Seniors Pave a Way with Small Businesses

Utilizing extra time during the pandemic

Screenshot of Ward’s Instagram post from January 18, 2021. Screenshot taken on January 19, 2021. Showcasing Ward’s crystal rings.

If you’ve exhausted all your new found hobbies over quarantine, here’s one that is surely on the rise: Starting a small business.

 

Millions of Americans are still confined to limited contact alternatives such as working from home or a hybrid mixture. This working situation seems to be a new way of life with about 1 in 4 Americans predicted to work remotely in 2021, according to Upworks “Future of Workplace Pulse Report”. 

 

For students, finding time to manage a conventional part-time job, school and a teenage life (all during a pandemic) can be overwhelming to say the least.

 

During a time where jobs are scarce, some students have used their free time between school to start small businesses by combining hobbies and social media.

Models Adira and Maison pose for Valles Instagram account. Screenshot of Valles’s post from August 23 2020, screenshot taken January 19th 2021. The post showcases Valles’s beaded rings and bracelets.

 

Senior Cecilia Valles started her beaded jewelry shop with a simple “I can make it myself” attitude.

 

“I went to the store, bought the supplies and had some left over and wanted to make my money back, so I just made an Insta page and started selling jewelry,” Valles said.

 

And just like that, Valles became an entrepreneur with her Instagram account ceciliasflowershop, where she sells beaded necklaces, rings, and crystal jewelry. Valles made her first business post in August 2020.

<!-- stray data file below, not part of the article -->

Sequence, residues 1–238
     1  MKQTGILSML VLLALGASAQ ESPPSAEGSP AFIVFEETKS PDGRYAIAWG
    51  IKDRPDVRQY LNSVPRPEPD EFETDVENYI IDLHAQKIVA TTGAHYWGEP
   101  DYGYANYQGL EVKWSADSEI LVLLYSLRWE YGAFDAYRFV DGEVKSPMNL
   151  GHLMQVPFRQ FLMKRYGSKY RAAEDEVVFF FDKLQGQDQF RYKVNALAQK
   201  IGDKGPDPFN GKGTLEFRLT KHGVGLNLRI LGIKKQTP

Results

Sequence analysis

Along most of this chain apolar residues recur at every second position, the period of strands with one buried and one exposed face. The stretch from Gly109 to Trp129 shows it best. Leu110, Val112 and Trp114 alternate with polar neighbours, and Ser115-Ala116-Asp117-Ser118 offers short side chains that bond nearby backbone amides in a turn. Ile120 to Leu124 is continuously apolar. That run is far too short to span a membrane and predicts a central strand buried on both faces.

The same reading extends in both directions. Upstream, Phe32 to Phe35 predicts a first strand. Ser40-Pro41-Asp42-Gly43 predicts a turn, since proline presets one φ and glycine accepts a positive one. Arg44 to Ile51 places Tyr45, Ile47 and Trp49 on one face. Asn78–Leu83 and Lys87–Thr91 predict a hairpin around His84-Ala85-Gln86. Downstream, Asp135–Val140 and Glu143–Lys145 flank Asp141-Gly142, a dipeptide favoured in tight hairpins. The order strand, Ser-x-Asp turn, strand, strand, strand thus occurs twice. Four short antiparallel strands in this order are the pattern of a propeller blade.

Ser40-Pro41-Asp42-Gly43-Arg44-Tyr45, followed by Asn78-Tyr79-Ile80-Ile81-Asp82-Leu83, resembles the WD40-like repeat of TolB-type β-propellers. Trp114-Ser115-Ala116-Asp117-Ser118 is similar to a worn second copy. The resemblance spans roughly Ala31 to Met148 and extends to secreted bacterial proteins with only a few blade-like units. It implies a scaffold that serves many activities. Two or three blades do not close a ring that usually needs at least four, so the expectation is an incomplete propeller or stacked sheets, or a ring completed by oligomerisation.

The distance learning school schedule has given students some extra time and flexibility to create. “Online school definitely allowed me more time to make jewelry!…If we were in school right now I don’t think I would have time to run a small jewelry business,” Valles said.

 

Senior Emera Ward also took advantage of the extra time to focus on her business,EmerasBeadShop.

Screenshot of Ward’s Instagram post from January 18, 2021. Screenshot taken on January 19, 2021. Showcasing Ward’s crystal rings.

 

“Online school has its ups and downs, but I’m so grateful that it’s given me the opportunity to find my creative outlet and do what I love most!”

 

Emera sells on Etsy rather than Instagram, with raving reviews and 93 sales as of January 18. Her Etsy page sells handmade earrings, bead necklaces, crystal rings, and more.

 

 

Although it feels like we will be stuck in this pandemic forever with little hope for the future, Ward and Valles are optimistic. 

 

They both plan on continuing and even expanding their businesses after high school. 

 

Although jewelry is a high commodity and fun to create, other seniors are making money by selling clothes and other goods through Depop. 

 

Depop is an online app where anyone can sell their clothes or other items and also ship them to the buyer. Senior Jaid Wagner, an aspiring tattoo artist, sells and manages her items through this app.

 

Her idea for creating a Depop account sprang from keeping clothes that she says she “never wears” and once she was ready to let them go, she decided to sell them online.

 

“It was a little scary at first, but then people started to really be interested, so I made it a part time job/hobby,” Wagner said.

You can find her on Depop at maholanddd, where she has sold 23 items and has a 5-star rating.

Photos of some of the items featured on Wagner’s Depop.

 

But don’t be fooled by the success, running a business isn’t easy. Juggling friends, family, the business and school can be tough. 

 

“The hardest thing I have to overcome is probably figuring out a system that works for me and being consistent with my work,” Valles said. 

 

For Ward she believes she “has a lot of potential to grow” and is “trying to take it day by day.” 

 

And as for Wagner the holiday season was the hardest part for her. “Christmas was definitely hard this year because the Post Office was down for a few days. They had to wait almost two weeks for me to even ship out.”

 

But when it’s all said and done, they all agree that their supporters and customers play a huge part in their success, and drive them to be the best they can be.